Prior to this year (2019) maintenance (formerly called alimony) was tax deductible by the person paying the maintenance. It was taxable income for the person receiving it. This all changed on January 1, 2019.
Now, maintenance will no longer be tax deductible for the one paying it. And maintenance received will not longer be taxable income for the one receiving it.
This puts pressure on the higher income spouse to pay less maintenance because there is no longer a deduction. I doubt it will have much impact on the lower income spouse's efforts to obtain maintenance, especially in Colorado where the state has established presumptive guidelines for maintenance.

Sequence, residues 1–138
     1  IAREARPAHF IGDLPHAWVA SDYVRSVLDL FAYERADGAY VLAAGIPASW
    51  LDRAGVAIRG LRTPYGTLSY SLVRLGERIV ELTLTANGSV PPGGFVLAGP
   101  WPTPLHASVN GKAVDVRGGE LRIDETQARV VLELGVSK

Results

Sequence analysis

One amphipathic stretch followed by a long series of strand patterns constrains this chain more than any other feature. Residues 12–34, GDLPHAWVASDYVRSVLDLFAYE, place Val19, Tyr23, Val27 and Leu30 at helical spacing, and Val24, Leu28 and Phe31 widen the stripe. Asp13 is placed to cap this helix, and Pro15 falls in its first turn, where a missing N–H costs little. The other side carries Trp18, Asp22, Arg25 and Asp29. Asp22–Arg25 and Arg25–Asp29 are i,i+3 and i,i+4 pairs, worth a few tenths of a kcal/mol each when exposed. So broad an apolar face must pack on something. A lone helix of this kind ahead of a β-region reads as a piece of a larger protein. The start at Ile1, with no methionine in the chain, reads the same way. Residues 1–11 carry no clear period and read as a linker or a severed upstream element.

The takeaway from all this is to scrutinize divorce settlement proposals from every angle, including the tax angle. Check with your tax specialist to see your whole financial picture when negotiating the numbers in a divorce. You might find that seeing the actual tax burden will impact your decision making.